My vote for the best kayak trip at the refuge, especially for a newcomer, is Button Creek. It has lots of interesting little islands and guts to explore.
No visit to Blackwater is complete without wandering for a bit along the gorgeous back roads nearby. If you cross that aforementioned causeway over the Little Blackwater, you will soon find your way to Maple Dam Road, which according to local legend follows an ancient north-south Indian path.
Take it south (right) and you’ll end up winding through a few miles of the best marshland scenery on the whole Eastern Shore. Take it north (left) and then keep right onto Greenbrier Road, and you’ll soon come to pretty little Scotts Chapel. The building dates to 1891, but the roots of the congregation go back to the 1700s.
The cemetery here is a fascinating thing—actually, I should say cemeteries, not cemetery. In slavery times, whites, free blacks, and slaves attended services together in the old Scotts Chapel. Segregation came in death for this congregation—whites are buried in the graveyard alongside the church, while blacks are buried in the yard across the street.
A little ways farther on Greenbrier Road is a pull-off with interpretive markers about Harriet Tubman. Some oral history traditions say she was born hereabouts, but historians have also turned up evidence that her birthplace might have been a few miles away, near the town of Madison Bay.
Just beyond the pull-off is an intersection with Bucktown Road. Stay to the left and you will soon see the old Bucktown Village Store on the right. This building was where the young, enslaved Harriet Tubman committed her first known act of defiance, refusing to help a slave owner capture a young boy fleeing his discipline.
Furious, the slave owner picked up a metal weight and threw it at Tubman, hitting her in the head and nearly killing her. This incident is believed to be the cause of the occasional seizures, strange visions, and narcoleptic episodes that Tubman experienced throughout her life. Tubman herself regarded the visions as a gift from God, carrying messages from above about the best escape plans to make and routes to take.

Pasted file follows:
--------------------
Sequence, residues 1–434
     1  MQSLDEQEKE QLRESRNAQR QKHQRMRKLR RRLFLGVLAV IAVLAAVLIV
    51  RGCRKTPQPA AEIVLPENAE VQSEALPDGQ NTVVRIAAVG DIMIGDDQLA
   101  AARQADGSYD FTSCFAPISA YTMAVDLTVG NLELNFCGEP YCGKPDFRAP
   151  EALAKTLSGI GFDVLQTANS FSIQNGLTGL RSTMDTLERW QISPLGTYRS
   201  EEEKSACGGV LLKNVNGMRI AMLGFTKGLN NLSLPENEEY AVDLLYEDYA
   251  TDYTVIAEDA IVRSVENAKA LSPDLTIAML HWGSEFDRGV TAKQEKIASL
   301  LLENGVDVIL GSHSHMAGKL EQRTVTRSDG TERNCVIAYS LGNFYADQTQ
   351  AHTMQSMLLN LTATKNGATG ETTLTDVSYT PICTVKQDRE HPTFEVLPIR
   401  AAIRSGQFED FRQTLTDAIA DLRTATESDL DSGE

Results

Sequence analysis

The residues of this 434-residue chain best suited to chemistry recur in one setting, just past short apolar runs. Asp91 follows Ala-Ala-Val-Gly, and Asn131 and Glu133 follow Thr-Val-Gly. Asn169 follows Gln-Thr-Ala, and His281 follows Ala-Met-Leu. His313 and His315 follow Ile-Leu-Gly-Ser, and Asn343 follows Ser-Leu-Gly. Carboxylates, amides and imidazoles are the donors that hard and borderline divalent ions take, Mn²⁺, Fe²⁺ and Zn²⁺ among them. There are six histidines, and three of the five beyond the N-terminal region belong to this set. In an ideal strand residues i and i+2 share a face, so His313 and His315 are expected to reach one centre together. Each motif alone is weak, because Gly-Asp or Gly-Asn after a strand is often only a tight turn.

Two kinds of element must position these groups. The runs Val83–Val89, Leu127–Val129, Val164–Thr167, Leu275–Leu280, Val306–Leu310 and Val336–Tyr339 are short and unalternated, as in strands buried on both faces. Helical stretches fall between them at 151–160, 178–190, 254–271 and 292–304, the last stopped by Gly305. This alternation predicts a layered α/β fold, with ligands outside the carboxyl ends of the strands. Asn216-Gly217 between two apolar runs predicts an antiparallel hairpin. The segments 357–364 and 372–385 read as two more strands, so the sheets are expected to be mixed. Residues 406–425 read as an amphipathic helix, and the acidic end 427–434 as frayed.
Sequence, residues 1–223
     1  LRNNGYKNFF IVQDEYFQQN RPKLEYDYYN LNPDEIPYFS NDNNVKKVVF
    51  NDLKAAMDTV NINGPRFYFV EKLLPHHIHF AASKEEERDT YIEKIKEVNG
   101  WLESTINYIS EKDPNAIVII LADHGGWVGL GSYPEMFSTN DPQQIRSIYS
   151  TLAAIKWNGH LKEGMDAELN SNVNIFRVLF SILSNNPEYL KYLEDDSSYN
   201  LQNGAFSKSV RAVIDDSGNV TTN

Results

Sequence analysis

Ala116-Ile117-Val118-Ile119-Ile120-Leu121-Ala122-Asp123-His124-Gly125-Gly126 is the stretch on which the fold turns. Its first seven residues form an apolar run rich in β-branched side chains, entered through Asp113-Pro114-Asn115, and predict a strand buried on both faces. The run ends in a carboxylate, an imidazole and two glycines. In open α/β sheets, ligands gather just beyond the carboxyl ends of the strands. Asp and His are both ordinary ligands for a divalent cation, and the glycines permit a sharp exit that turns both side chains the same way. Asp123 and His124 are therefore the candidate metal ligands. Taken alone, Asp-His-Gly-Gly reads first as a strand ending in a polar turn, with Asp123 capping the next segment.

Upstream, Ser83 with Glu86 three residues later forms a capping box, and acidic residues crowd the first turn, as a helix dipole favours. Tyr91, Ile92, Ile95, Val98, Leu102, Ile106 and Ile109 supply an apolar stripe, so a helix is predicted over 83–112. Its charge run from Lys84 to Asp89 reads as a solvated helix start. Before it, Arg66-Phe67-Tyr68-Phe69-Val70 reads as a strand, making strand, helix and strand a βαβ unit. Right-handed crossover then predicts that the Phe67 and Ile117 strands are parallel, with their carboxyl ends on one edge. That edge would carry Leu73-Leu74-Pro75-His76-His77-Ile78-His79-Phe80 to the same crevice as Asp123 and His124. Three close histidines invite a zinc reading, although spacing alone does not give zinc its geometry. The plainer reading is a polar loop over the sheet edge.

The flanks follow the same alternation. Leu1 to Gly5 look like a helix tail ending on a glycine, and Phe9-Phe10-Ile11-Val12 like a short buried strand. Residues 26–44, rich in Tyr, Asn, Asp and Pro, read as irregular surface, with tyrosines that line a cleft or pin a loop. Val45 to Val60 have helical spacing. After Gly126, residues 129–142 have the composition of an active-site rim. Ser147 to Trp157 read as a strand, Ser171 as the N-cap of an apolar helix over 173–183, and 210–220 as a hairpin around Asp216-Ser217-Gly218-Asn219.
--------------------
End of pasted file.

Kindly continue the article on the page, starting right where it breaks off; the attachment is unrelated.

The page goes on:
That’s how it works along the roads out near the refuge. These roads may be sparsely traveled nowadays, but they are full of interesting stories from days gone by and graced with unforgettable scenes of natural beauty. Enjoy!
–Written by Jim Duffy
• To learn more about what’s in the area here, try the website for Dorchester County Tourism.
• If you want to rent bicycles or kayaks, the place to go is Blackwater Paddle and Pedal.
• Here is a little bit of information about the Bucktown General Store, including a phone number where you might be able to arrange a little guided visit.
• BONUS: Here is a ghost story about “Big Lizz,” the spirit who supposedly haunts the marshlands near Blackwater. It’s written by Mindie Burgoyne, author of Haunted Eastern Shore.
• The photo up top of a Blackwater sunset is by Jill Jasuta, as are the shots of swirling snow geese, and the Bucktown General Store. The shot of an Underground Railroad hand in the marsh grass is from Dorchester County Tourism. The photos of the bald eagle, the great blue heron, and the woman with binoculars at the Blackwater overlook are by Jim Duffy. The shot of the nutria and its orange teeth was posted to Wikimedia Commons by a user named Timo Sack.